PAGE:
I talk with Assistant Superintendent Diane Lauer about how reciprocal teaching can deepen student understanding and shift cognitive load to our students.
While we aren’t all English teachers, it’s unlikely to find a teacher whose students wouldn’t perform better if they had more tools for reading content across all disciplines. The FYI website not only provides curated current articles aligned with standards and other English curriculum resources, it provides clear tips for helping students access, analyze, and apply information within authentic non-fiction texts. These articles and tips can be accessed in a moment’s notice to ask students to find a piece of interesting and relevant content for evaluation.
The Whole Story
Somewhere between the middle child or second cousin of HMH’s Collections curricular resources is their FYI website, a curated collection of current event articles aligned with the topics and content students explore as they move through units of study in SVVSD’s secondary English classes. The content is pulled from CNN to Science Daily, from the White House to The Columbus Dispatch.
Teachers helping students learn content and skills from any discipline would be hard-pressed to go poking around FYI and not find something relevant to their classrooms. And while timely content is already a plus for secondary schools, it’s the help in improving reading skills teachers outside English classrooms might find most helpful.
FYI’s “Reading Tips” tab includes a sidebar with help in navigating “Key Ideas and Details”, Craft and Structure”, “Integration of Knowledge and Ideas”, and “Research” – each with its own subsections.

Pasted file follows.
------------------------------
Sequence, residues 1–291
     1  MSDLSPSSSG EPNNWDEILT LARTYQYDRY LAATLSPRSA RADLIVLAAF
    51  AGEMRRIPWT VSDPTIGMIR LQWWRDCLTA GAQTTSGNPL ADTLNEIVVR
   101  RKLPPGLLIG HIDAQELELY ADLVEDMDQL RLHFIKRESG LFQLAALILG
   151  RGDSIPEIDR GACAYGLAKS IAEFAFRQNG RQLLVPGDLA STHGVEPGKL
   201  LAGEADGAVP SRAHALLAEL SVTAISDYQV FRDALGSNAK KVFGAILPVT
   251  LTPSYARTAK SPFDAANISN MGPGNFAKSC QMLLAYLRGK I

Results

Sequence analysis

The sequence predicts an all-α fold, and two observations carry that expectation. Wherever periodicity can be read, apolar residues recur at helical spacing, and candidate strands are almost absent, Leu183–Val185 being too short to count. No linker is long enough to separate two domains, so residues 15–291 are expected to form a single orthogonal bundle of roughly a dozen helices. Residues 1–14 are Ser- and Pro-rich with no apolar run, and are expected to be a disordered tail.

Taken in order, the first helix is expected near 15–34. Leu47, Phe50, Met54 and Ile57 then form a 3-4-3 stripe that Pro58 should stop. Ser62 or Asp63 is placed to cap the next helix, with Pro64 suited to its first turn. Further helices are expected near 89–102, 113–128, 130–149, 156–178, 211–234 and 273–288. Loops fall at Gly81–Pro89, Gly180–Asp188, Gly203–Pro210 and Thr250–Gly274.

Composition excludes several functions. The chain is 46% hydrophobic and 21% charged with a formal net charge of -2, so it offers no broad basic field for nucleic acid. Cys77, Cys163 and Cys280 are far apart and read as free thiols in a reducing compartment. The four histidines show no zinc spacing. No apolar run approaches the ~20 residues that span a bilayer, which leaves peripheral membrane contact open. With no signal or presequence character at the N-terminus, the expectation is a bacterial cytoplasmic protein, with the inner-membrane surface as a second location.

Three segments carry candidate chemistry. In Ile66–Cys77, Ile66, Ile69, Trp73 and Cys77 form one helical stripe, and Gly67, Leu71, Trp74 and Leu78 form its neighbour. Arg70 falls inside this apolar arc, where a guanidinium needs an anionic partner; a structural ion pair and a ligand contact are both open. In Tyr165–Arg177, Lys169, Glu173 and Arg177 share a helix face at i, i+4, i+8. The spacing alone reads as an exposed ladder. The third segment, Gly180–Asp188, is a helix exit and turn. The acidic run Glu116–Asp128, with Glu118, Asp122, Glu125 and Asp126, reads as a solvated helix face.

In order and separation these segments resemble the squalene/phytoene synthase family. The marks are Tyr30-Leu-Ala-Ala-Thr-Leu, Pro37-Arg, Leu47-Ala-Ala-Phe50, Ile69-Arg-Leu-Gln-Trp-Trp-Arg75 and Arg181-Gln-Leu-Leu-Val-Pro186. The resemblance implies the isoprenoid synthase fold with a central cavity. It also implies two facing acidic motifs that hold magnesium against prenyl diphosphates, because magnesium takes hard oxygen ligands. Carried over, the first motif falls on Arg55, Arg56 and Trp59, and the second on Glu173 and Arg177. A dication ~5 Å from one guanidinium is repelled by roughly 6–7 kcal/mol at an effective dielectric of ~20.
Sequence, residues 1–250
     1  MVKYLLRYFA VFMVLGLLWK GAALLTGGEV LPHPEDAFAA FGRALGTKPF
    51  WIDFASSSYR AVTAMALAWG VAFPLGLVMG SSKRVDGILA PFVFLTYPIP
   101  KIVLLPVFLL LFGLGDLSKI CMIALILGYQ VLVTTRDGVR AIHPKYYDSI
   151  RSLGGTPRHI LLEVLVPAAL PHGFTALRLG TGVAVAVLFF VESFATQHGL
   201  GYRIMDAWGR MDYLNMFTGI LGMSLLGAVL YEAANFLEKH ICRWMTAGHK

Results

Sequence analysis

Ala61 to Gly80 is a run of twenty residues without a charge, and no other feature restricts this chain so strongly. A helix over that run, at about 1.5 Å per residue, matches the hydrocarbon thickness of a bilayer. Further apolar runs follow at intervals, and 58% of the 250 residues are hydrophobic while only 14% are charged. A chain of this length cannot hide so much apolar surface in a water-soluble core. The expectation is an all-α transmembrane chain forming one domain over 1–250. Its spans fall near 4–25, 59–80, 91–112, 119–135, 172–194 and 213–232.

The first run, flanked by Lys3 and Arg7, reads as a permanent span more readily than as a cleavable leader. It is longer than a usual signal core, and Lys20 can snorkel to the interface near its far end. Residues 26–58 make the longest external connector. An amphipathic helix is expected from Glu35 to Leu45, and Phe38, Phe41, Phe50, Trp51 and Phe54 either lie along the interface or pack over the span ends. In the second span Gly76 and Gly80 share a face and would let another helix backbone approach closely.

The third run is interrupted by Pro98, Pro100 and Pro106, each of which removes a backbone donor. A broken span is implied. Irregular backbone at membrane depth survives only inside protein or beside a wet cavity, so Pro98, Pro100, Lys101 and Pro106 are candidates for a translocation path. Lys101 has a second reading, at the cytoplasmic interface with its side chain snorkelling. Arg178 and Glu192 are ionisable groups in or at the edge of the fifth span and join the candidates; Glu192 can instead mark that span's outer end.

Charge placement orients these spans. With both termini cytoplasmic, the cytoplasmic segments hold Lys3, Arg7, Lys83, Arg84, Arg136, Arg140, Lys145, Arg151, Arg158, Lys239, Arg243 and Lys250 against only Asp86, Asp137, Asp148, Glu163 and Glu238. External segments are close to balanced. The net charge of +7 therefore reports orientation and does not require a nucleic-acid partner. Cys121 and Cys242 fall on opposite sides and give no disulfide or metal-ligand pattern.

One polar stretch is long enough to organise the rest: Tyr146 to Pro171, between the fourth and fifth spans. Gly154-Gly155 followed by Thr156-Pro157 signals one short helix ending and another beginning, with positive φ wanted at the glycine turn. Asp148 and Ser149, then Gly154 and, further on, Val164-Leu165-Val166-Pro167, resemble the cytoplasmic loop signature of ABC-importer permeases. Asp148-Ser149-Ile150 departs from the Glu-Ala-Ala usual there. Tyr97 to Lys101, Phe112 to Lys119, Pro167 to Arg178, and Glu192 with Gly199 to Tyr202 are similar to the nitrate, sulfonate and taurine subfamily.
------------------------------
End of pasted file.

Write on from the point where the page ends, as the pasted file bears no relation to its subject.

A science teacher hoping to help students access the latest climate change study from Nature could draft some quick questions for investigation and point students to the relevant pages for tips on making sure their answers hit the mark.
History teachers helping their students understand political systems in post-colonial countries around the world could help students draft a list of questions they’re curious about and then help them review the relevant reading tips to help make sure their answers are top-notch.
Algebra teachers looking to help students pull out the most pressing details from a complicated word problem might ask students to take 10 minutes to find a reading strategy that could best help them unlock a barrier to understanding.
How are you helping students access materials to unpack non-fiction texts? Leave some examples in the comments.